Winters, on the other hand, can be quite crisp, with the region occasionally blanketed in a thin layer of frost. The cold is seldom harsh enough to harm the dormant vines, but it provides them with the necessary rest, ensuring they awaken in spring with renewed vigor.

The transitional seasons of spring and autumn are particularly enchanting. Spring showers often grace the vineyards, nourishing the budding vines and setting the stage for a promising growing season. Autumn, meanwhile, carries with it a misty romance, with mornings often shrouded in a soft fog that slowly lifts, revealing the vivid hues of ripening grape clusters.

Throughout the year, Castelfranco Emilia enjoys a balanced distribution of rainfall. While prolonged wet periods can sometimes pose challenges, the region's well-draining soils and the expertise of its vintners ensure that the vines remain healthy and vibrant.

In essence, the climate of Castelfranco Emilia IGP is a symphony of nature’s rhythms. It's a climate that has, over centuries, shaped the character of its wines, ensuring they resonate with the very soul of this remarkable region.

Nestled in the heart of Emilia-Romagna, Castelfranco Emilia IGP stands as a testament to the enduring relationship between land and vine. This region, blessed with an intricate patchwork of soils, has witnessed countless generations of vintners tending to their vineyards, each seeking to unlock the secrets of the terrain beneath their feet. The soils here are a rich tapestry of geological stories, tales of ancient rivers that once flowed, glacial movements that reshaped the landscape, and time's persistent sculpting of the earth. Each soil type, with its distinct composition and characteristics, imparts its own unique signature to the grapes, influencing their growth, maturation, and ultimately, the character of the wines they produce.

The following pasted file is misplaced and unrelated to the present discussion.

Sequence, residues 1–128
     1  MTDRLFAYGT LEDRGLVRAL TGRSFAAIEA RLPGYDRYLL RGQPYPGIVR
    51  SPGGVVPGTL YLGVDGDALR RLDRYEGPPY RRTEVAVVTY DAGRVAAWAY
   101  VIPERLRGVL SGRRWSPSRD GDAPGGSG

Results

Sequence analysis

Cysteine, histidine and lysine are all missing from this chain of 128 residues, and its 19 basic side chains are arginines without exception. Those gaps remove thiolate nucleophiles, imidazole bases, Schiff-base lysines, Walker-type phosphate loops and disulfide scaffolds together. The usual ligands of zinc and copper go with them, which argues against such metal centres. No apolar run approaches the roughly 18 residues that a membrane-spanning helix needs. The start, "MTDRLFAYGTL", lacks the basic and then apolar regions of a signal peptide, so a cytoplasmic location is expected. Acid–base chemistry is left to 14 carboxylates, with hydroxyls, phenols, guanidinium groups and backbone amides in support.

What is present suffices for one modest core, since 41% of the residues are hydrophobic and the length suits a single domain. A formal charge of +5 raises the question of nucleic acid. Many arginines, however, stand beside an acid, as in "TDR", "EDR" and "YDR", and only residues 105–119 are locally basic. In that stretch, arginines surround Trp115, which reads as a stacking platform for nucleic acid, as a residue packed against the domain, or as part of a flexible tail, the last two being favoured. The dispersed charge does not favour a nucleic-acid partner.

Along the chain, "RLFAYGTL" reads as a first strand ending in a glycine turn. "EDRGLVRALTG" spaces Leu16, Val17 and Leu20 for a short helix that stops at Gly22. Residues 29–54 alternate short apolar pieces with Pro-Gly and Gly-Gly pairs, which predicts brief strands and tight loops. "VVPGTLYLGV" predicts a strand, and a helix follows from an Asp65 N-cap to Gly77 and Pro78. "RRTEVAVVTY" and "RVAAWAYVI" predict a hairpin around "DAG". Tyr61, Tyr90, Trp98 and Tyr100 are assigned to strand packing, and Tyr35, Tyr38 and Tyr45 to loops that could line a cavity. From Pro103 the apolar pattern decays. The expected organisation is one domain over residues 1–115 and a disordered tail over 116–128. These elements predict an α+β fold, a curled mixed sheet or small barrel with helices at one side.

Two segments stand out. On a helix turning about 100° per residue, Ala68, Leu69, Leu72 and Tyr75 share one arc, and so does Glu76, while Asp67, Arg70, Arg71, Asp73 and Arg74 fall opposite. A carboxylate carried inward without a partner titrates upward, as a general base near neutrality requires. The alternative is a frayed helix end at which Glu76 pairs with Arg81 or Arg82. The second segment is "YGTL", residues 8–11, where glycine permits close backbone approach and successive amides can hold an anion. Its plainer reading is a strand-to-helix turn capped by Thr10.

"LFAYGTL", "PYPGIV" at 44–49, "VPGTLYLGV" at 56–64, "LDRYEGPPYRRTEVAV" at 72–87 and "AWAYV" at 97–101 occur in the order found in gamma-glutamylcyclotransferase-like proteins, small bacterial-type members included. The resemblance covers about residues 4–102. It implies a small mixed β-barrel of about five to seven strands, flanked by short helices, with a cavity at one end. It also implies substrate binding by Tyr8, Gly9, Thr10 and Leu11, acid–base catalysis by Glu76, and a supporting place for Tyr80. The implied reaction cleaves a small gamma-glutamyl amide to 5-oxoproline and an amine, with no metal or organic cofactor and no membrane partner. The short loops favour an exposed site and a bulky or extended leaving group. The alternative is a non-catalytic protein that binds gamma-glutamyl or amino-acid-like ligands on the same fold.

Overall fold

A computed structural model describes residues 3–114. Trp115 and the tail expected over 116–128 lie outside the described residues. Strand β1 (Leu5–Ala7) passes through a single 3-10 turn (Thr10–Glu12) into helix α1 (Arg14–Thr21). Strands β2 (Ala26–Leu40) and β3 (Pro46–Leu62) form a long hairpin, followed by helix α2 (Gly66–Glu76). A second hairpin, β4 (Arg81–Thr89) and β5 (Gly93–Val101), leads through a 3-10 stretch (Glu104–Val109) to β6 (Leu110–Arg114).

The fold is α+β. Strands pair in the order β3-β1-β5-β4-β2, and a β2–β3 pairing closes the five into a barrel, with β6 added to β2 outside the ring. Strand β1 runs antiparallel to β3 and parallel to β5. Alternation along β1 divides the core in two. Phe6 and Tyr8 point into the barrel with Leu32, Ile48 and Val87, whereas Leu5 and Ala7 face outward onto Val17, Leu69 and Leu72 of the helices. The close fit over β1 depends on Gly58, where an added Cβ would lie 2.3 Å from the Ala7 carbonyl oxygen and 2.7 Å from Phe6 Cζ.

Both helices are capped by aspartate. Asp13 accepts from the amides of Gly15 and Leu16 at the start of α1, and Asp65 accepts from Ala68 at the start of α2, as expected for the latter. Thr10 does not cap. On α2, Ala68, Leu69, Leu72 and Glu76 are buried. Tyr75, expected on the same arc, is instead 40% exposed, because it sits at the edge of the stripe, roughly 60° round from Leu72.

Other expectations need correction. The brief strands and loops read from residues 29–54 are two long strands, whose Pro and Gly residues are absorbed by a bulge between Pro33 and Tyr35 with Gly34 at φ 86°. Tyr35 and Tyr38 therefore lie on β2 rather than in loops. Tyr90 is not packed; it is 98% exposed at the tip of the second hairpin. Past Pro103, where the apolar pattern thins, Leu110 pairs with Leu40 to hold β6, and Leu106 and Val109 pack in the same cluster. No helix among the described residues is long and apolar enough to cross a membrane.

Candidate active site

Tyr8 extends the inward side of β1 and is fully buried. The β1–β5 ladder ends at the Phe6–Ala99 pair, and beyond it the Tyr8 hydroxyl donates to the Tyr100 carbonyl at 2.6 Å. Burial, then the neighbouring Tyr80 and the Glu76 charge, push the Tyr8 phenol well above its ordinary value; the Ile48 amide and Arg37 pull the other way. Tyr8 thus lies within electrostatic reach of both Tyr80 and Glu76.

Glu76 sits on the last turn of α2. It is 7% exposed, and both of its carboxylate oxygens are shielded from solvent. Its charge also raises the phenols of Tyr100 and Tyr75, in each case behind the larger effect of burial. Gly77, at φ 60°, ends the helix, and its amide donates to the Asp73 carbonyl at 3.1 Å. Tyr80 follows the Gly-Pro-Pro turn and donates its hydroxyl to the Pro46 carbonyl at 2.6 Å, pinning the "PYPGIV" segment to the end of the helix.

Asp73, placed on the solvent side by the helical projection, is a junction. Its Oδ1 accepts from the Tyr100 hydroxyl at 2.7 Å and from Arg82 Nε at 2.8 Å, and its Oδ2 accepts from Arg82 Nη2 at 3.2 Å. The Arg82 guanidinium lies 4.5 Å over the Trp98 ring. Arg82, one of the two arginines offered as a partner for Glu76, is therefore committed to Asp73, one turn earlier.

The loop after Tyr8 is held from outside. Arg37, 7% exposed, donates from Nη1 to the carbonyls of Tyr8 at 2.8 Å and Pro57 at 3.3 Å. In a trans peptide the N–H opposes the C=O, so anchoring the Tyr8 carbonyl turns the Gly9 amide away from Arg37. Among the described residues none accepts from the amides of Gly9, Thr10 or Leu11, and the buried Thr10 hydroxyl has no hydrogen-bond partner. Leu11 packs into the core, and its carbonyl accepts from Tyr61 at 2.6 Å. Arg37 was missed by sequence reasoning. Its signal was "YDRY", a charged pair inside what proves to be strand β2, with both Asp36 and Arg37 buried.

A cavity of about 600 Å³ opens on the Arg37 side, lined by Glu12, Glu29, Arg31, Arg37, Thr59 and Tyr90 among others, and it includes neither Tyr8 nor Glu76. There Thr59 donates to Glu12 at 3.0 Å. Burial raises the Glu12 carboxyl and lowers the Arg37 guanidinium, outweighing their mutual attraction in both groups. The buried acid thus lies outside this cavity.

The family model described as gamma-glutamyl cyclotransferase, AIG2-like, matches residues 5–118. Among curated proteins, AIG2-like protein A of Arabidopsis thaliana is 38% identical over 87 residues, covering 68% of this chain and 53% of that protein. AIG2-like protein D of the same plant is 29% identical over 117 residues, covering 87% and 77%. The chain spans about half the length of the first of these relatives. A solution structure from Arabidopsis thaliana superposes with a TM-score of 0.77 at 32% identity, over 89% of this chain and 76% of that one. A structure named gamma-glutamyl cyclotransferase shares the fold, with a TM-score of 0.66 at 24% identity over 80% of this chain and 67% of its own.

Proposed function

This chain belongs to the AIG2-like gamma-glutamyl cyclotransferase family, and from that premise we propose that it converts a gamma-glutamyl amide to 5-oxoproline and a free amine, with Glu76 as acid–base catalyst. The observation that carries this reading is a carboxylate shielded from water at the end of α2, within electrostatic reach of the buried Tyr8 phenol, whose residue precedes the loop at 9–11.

1. Loamy Soil: Loamy soil, often considered the gold standard for many agricultural pursuits, is abundant in certain pockets of the region. This soil type is a balanced blend of sand, silt, and clay, resulting in a structure that's well-draining yet retains enough moisture to sustain the vines during drier periods. Vines rooted in loamy soils tend to produce grapes with a balanced flavor profile, capturing both the minerality of the earth and the freshness of the region's climate.
  2. Sandy Soil: The sandy soils of Castelfranco Emilia IGP are particularly prevalent near ancient riverbeds and streams. These soils offer excellent drainage, ensuring the roots of the vines don't remain waterlogged. The resultant wines often have an elegant, light character with a pronounced aromatic profile, reflecting the free-draining nature of their terroir.
  3. Clayey Soil: In contrast to the sandy pockets, certain areas of the region boast of dense, clay-rich soils. Clay soils have a remarkable ability to retain water, acting as reservoirs during hot, dry spells. Grapes grown in these soils tend to yield wines that are robust, with a full-bodied character, drawing from the depth and richness of the earth.
  4. Calcareous Soil: Patches of calcareous or limestone-rich soils can also be found scattered across the region. These soils are alkaline in nature and are known for their ability to regulate the pH balance for vines, leading to grapes with vibrant acidity. Wines stemming from calcareous terrains often exude a distinct mineral undertone, with a crispness that lingers on the palate.


The rolling hills of Castelfranco Emilia IGP, ensconced in the fertile embrace of Emilia-Romagna, are a veritable tapestry of vineyards. This region, steeped in history and kissed by the Mediterranean sun, has nurtured viticulture for centuries. As you wander through its terraced vineyards, the gentle sway of grapevines captures the imagination, painting a picture of nature and man in harmonious collaboration. Each vine tells a story - of ancient traditions, of hands lovingly tending to them, and of the rhythms of seasons dictating their growth. Amidst this rich panorama, three grape varieties stand out, casting long shadows in the golden light: Montù, Moscato, and Trebbiano. These grapes, with their distinctive shapes and radiant hues, are not just the pride of Castelfranco Emilia but are emblematic of the region's enduring love affair with winemaking.